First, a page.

We’ve all had it happen. We are at a social event, we strike up a conversation with someone dynamic, and—before long—we notice ourselves feeling tingles of attraction. The trouble is, this person is outside the bounds of who we normally feel chemistry with. Perhaps they’re a different gender—or an atypical presentation of the gender with whom we ordinarily connect. Maybe they’re a different “type” than to which we are accustomed.
We notice ourselves leaning in and touching their elbow. Our pheromones are pushing us onward, but our brain is spinning to pull us back. This experience is incongruous with our identified orientation. We shouldn’t be doing this, we chide ourselves. This is wrong—this isn’t who we are. Because this flirtation is beyond the scope of our sexuality labels, our personal identity feels compromised.
No matter what label you have chosen to define your orientation, there will be unanticipated moments that defy it. You usually only hook up with women—but, damn, there’s that stubbly man over there in the corner with those rolled-up sleeves, and he is really doing it for you. Maybe you normally only find hyper-masculine men attractive, but that gender-fluid person sipping coffee is calling out to you in a provocative way.
When these moments of unexpected attraction arise, we can feel discombobulated. Our sense of selfhood might even feel endangered. Each of us has worked hard to present a confident, consistent persona to the outside world—and when cracks in our curated identity erupt, it can be immensely unnerving.
The truth is—a shift in your orientation is completely normal and healthy.
Identity is a complex and layered thing. We have many years of accumulated experiences, traumas, and experimentations that have formed the person who we know ourselves to be. But our present identity is merely a momentary appraisal of an ever-evolving phenomenon. We are like onions. We peel away one layer to reveal a fresher one beneath—a new identity that feels more cohesive and encompassing of our truth. New layers come and go—and our sense of self shifts.
We’ve seen it happen—a discovery that changes who we think we are. An untimely death of a loved one, an unanticipated change in career or social status, a spiritual awakening. Events that trigger a reconfiguration of personhood. A layer of identity gets stripped away, and suddenly we are not what we supposed.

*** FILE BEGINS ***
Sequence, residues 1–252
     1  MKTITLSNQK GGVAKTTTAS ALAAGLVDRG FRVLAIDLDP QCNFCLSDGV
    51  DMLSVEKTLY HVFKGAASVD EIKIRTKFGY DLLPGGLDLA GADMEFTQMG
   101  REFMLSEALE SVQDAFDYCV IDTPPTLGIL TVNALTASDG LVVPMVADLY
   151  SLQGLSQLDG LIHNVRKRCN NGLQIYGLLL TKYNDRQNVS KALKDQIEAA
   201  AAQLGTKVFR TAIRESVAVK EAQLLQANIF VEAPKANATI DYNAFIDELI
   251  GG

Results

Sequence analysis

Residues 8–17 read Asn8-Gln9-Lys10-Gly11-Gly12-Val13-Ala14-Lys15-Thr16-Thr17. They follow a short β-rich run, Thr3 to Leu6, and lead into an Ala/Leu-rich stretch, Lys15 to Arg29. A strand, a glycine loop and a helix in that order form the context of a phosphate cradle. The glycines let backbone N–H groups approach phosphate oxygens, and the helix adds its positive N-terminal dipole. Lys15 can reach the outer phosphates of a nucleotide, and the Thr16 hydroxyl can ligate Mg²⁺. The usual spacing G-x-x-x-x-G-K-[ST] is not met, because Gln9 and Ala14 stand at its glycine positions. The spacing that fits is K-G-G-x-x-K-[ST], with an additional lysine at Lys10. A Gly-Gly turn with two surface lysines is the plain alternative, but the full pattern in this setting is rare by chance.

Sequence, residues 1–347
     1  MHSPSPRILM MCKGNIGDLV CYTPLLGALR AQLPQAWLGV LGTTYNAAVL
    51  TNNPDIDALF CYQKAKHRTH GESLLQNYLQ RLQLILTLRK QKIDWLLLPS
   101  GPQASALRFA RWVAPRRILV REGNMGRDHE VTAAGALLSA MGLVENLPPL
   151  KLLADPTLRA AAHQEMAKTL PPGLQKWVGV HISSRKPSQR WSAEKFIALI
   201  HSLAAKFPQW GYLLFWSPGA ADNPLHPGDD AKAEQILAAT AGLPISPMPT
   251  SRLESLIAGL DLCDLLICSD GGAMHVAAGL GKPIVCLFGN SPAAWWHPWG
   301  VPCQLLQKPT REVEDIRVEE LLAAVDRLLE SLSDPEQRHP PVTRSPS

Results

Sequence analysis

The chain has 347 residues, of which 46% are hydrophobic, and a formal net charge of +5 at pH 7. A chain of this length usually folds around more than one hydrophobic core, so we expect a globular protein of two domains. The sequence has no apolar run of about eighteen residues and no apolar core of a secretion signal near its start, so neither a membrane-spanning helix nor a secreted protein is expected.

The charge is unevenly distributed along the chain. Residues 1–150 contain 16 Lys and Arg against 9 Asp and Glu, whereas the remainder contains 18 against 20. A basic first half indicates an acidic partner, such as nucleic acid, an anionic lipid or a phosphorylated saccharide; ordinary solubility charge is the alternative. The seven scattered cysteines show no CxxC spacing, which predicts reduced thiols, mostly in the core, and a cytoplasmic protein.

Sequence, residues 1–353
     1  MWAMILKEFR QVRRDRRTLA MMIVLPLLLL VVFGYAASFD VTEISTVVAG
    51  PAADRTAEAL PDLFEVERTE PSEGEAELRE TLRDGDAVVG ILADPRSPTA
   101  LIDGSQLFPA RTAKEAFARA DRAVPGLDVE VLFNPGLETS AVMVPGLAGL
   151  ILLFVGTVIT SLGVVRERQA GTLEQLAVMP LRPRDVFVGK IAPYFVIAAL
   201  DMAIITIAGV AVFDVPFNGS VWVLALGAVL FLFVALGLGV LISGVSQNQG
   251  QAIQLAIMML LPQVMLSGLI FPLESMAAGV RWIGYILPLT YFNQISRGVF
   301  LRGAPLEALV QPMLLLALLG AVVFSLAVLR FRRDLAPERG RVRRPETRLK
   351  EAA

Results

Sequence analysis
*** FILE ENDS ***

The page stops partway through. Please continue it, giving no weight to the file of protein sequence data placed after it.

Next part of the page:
It is foolhardy, therefore, to assume that our orientation label will forever remain static. I have encountered countless stories of self-identified straight men saying, “I’ve never been attracted to another guy before, but suddenly…” and they go on to reveal a burgeoning longing that they’d never previously named. In a recent poll by YouGov, a staggering 48% of millennials and Gen Zers (who, being younger, are generally more open to exploring their orientation) say that they identify as something “other than exclusively opposite-sex attracted.” Sexuality atypicality is far more common than many might guess.
Even for myself, my assigned orientation labels have shifted dramatically over time. In college, I thought I was straight—but that assumption was purely theoretical. I had asked out a few women—nearly all turned me down. One even laughed in my face. I never made it to first base.
After graduating, I adopted the label of asexual. I wasn’t really finding anyone attractive in real life. In images—sure. But those same appreciations didn’t transfer over to flesh and blood persons.
In truth, I was ashamed of my longings and repressed my sexuality. That all came to a head, however, around my twenty-fifth birthday when a roommate set me up with an online dating profile and flirted on my behalf. Suddenly finding myself with a plethora of first dates—with people of every gender expression—I came to identify as bisexual. After several months—and a deepening appreciation of my predominate same-sex attraction—that shifted to an identifying as gay.
There—I solved my orientation riddle, I thought. I can now proudly proclaim who I am. Well, that badge of identification lasted for only so long. Shortly after my marriage—to a man—I ended up traveling abroad with the lady-friend who officiated our wedding ceremony. Alone in a hotel room on the opposite side of the globe, I suddenly found myself feeling opposite-sex attracted in an obvious and notable way. My identity as gay no longer seemed to fit.
Since then, I’ve explored using the label of omnisexual—which feels rather inclusive—but it still doesn’t capture the shifting nuance of what I experience. I am happily married to a man—I am far and away predominately attracted to men. But, still, there are some times when I experience desire that feels foreign.
So, here’s my encouragement: allow yourself to be where you are. Trust that whatever you’re feeling is alright. No, it may not be what you expected. But it is what your experiencing.
Let go of labels—open to possibility. You may just discover something wonderful and beautiful about yourself that you never anticipated. By peeling back another layer of the onion, you may uncover beautiful truths that you would have never known had you stuck too rigidly to your prescribed identifications.
Maybe each of us is a bit more mysterious than we always supposed ourselves to be.